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  Italian for Beginners Funny How Love Can Be
Year: 2000
Director: Lone Scherfig
Stars: Anders W. Berthelsen, Anette Støvelbæk, Ann Eleonora Jørgensen, Peter Gantzler, Lars Kaalund, Sara Indio Jensen, Karen-Lise Mynster, Rikke Wölck, Elsebeth Steentoft, Bent Mejding, Lene Tiemroth, Claus Gerving, Jesper Christensen
Genre: Comedy, Drama, RomanceBuy from Amazon
Rating:  7 (from 1 vote)
Review: Andreas (Anders W. Berthelsen) is a new pastor in a small Danish town and having recently lost his wife he hopes to immerse himself in his new job to take his mind off things. However, on his first day while he is being shown around he wonders if he has made the right decision as the previous pastor he is temporarily replacing is very aggressive and makes a point of hanging around to keep an eye on him. For the moment, Andreas will live in the nearby hotel where Jorgen (Peter Gantzler) works on reception, and he has troubles of his own both with love and work - much like a few people in this town...

Italian for Beginners, or Italiensk for begyndere if you were Danish, was a later example of the well-known Dogme 95 movement which stripped filmmaking back to its basics with a selection of rules by which the director creating the film had to abide. Even in the first four works under these restrictions there were some deviations, and so it was here that this film could have been seen as a genre piece, that genre being romantic comedy, a plotline that was taboo under the rules. Of course, for the first half you could be forgiven for thinking you were watching a doomladen drama about lonely people.

Those lonely people are brought together at the Italian class of the title, and include Andreas, Jorgen, and a few others. Among them is Jorgen's friend Hal-Finn (Lars Kaalund) who is the possessor of a short temper which is about to get him sacked from his job at the hotel restaurant, and Jorgen is supposed to be the man breaking the bad news to him, except the receptionist is so timid that he doesn't have the courage to do so. It's not only men at these classes, as there are a few women there too, all the better to fashion a few connections between them, although director Lone Scherfig doesn't make everything run entirely conveniently.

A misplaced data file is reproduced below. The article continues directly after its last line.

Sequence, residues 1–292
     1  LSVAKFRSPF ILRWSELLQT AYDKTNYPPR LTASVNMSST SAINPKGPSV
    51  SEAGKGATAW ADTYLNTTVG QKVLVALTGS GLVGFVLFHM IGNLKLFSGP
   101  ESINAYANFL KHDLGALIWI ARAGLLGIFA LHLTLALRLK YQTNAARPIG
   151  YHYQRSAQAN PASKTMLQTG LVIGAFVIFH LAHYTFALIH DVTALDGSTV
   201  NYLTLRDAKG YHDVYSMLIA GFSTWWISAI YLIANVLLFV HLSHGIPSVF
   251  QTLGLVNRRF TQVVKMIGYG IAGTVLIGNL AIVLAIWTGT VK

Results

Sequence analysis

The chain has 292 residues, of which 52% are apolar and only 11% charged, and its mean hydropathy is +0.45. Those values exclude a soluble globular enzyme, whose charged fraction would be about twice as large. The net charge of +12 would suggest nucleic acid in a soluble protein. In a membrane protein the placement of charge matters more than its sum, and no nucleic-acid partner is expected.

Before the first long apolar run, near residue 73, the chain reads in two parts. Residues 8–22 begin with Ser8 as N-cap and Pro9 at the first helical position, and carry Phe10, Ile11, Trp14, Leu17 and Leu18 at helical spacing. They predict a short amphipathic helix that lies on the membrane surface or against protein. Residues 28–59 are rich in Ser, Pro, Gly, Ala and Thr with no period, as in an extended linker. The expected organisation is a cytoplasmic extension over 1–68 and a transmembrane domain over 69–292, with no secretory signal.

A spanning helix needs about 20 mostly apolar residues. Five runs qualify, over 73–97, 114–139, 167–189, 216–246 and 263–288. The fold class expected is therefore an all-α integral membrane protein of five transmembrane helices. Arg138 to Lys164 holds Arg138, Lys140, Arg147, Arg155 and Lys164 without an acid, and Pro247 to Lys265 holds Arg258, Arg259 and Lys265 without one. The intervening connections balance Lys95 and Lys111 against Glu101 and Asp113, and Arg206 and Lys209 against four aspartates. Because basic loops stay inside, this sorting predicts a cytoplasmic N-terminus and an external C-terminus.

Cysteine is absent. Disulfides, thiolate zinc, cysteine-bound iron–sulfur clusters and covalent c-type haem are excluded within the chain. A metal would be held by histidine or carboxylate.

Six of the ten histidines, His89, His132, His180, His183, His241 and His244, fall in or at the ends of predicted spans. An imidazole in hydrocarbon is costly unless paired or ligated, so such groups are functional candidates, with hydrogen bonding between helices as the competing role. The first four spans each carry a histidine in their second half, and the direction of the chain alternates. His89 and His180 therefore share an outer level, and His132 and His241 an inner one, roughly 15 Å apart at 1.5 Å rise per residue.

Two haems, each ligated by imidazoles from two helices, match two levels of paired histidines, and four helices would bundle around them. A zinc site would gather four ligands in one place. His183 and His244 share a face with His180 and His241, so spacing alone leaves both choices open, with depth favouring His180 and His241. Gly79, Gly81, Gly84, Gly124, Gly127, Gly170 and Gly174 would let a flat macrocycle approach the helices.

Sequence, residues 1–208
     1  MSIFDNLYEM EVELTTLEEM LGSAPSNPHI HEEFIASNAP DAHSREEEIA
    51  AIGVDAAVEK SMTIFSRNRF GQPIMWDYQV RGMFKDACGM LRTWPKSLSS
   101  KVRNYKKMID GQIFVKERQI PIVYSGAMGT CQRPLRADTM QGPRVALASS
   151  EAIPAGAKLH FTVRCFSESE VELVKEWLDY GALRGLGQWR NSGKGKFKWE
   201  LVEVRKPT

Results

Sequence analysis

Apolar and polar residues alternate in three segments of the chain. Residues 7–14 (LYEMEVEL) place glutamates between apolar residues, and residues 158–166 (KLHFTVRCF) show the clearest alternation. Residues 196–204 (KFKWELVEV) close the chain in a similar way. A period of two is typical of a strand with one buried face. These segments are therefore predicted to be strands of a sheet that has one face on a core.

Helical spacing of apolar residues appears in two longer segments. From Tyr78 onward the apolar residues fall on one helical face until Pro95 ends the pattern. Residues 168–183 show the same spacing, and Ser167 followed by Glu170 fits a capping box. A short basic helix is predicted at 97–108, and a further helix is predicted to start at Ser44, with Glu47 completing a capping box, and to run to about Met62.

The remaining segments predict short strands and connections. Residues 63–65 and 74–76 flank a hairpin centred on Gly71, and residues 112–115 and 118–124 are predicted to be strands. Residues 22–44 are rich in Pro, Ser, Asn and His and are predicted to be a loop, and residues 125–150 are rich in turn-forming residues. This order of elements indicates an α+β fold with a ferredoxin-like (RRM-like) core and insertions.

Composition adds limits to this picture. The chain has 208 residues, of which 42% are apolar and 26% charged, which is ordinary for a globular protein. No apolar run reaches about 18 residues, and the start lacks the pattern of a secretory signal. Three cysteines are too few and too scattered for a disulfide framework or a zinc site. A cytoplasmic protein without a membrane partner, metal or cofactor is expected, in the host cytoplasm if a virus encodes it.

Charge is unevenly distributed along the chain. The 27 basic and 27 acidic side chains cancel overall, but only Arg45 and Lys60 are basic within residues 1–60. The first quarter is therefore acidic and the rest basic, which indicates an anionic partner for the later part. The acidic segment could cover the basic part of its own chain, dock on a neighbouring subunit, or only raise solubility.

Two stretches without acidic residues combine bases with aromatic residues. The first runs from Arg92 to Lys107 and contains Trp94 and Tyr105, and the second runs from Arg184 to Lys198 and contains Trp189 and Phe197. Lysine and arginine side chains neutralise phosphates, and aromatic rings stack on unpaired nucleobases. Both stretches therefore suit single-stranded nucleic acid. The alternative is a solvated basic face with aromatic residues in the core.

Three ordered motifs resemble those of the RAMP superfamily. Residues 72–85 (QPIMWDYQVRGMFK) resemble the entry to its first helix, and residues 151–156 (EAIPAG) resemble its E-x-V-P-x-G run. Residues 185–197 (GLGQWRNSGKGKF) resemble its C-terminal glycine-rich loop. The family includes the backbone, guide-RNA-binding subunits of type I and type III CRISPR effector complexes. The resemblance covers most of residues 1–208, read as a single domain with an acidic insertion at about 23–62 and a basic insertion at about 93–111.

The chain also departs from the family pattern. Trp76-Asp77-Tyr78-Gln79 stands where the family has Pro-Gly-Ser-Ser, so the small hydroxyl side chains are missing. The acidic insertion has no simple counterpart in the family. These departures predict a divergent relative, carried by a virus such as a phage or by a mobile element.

One of those women is bakery worker Olympia (Anette Støvelbæk) who lives with her father, a temperamental grump whose sole pleasure in life is to complain and put his daughter down at every opportunity. Poor Olympia has a problem in that she is hopelessly clumsy, a trait that you think Scherfig is laying on a bit too thick until you find out the reason why. And then there's hairdresser Carmen (Ann Eleonora Jørgensen) who would like to own the business she works for, and is labouring under the stress of her ungrateful and alcoholic mother suffering terminal cancer; she keeps turning up at the shop having escaped from hospital yet again.

So far, so miserable, but after a while it's as if the filmmakers take pity on the characters and allow a little ray of sunshine into their lives. Mainly this is achieved by letting them find each other and take comfort in their blossoming relationships; it could easily have come across as cynical audience manipulation, but in these hands the happy ending comes about with sweetness and a genuine sense of reward, that these poor souls have finally won the affection they deserved and we have the satisfaction of their contentment that we have wanted all along. After that dour opening Italian for Beginners resolves itself into an immensely sympathetic tale, so yes, it's pretty much the Danish Dogme version of a Hollywood romance, but we feel we've earned it, as have the characters.
Reviewer: Graeme Clark


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